William: artist, foamologist, welding student, sous chef, philosopher, can musically recant all the words to Albi the Racist Dragon, loves and prepares chile rellenos.

Alex: man of many faces, artist, can musically recant all the words to Albi the Racist Dragon, cook, tailor, robot designer.

Max: mathematician, cat whisperer, swimmer, reader, movie projectionist, artist, loves crispy tacos.

Maria: robot designer, fashion designer, pumpkin carver, member of FIRST 2102 Team Paradox, ballerina, song writer, sword fighter, artist, super taster.

Jessica: musician, grant writer, board member: Guitars In The Classroom, teacher, dog lover, procurer of one more root beer variety.

Geoff: programmer, artist, loves chile rellenos a lot-bunch-mucho, welding student, whistler, gamer, engineer, tennis player.

Natalie: Chickenblogger, cook, gardener, chicken wrangler, loves to laugh, easily amused, tends to lose her focus, dedicated... to all sorts of stuff.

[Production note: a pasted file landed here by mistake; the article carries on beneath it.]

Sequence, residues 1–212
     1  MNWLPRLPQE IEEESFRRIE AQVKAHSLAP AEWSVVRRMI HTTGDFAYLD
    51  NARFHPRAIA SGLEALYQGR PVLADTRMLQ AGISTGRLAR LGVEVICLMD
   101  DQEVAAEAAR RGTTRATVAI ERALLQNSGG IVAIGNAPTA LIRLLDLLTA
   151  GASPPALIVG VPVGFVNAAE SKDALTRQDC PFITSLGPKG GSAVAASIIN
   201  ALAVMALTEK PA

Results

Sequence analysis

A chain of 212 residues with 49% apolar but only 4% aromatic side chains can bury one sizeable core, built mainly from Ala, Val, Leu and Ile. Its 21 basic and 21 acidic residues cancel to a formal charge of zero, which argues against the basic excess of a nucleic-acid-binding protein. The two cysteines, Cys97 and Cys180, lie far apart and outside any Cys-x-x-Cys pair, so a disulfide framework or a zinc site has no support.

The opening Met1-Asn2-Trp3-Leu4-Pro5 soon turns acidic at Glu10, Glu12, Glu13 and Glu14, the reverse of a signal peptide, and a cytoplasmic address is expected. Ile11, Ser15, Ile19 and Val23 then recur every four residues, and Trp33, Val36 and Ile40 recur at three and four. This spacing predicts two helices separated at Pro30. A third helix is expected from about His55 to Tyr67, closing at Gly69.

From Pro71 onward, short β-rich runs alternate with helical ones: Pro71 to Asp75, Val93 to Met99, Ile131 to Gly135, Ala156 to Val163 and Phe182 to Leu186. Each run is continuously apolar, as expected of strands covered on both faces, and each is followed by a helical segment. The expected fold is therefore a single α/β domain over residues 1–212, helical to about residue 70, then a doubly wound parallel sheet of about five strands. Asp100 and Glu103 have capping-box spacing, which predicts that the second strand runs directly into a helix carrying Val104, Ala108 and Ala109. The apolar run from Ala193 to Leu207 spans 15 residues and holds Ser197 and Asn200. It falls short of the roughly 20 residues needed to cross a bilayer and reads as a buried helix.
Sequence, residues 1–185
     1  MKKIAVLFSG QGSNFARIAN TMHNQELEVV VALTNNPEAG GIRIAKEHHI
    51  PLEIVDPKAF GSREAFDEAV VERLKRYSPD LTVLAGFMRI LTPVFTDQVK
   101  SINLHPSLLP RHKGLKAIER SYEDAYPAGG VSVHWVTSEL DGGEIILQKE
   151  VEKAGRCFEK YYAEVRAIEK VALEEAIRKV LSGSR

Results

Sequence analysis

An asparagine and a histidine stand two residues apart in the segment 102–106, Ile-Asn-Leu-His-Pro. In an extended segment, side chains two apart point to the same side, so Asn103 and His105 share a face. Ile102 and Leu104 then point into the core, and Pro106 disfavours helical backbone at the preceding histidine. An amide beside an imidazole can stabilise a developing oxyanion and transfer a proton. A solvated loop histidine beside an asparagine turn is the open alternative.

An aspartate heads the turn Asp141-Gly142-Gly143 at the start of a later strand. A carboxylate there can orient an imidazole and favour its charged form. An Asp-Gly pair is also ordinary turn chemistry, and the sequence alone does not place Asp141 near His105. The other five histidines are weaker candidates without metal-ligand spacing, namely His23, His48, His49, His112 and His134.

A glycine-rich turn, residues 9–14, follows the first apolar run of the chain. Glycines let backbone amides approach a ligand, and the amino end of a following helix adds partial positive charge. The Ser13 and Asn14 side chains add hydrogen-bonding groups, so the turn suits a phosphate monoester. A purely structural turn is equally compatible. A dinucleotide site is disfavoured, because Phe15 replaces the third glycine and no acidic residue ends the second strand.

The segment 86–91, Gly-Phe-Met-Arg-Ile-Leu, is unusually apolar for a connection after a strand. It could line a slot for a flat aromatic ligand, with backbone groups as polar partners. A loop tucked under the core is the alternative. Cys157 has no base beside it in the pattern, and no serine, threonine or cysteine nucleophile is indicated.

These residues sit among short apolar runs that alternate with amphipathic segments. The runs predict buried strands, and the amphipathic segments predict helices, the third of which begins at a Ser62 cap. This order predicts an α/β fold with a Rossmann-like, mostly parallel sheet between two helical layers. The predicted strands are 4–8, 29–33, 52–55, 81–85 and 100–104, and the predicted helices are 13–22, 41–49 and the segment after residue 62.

Music provided by:

Eli: banjo player, ocarina player, guitar player, mandolin player, ukulele player, president of the ukulele club, robot designer, artist, not a soda drinker.

Shall we begin?

We sampled ten different root beers. We nibbled a lot of crackers.

By the time we got to root beer number ten, the bubbles were going to our heads. I was a bit worried that they would basically all start to taste the same, but we were noting distinctions, and detecting subtleties.

Utterances included: "I taste vanilla," "this one is soapy," "are those hints of spice?" Some varieties also inspired: "Chemically aftertaste," "I'd buy this," "super fizzy," and "blech!"

I don't usually hand over my camera. I can't believe I handed over my camera.

"Hey, you, guy with my camera, careful there."

I can't believe she let him use the camera.

Okay. So. I could tell you the results of our Double Blind Root Beer Taste Test, but then you might be biased by our tastes and preferences. Maybe you are thinking of hosting your own scientific-super-terrific Double Blind Root Beer Taste Test and you don't want our results to color your opinion. So. For now, we will withhold our analysis and statistics, until we hear from you.

And, while we are waiting to hear from you, we will eat chile rellenos, and we will carve pumpkins, and we will play our music, sing our songs.

Suki may compose a song for us, something about lost apples, a quest for caramels, and how delicious chile rellenos are for dessert.

Thank you. And happy Monday!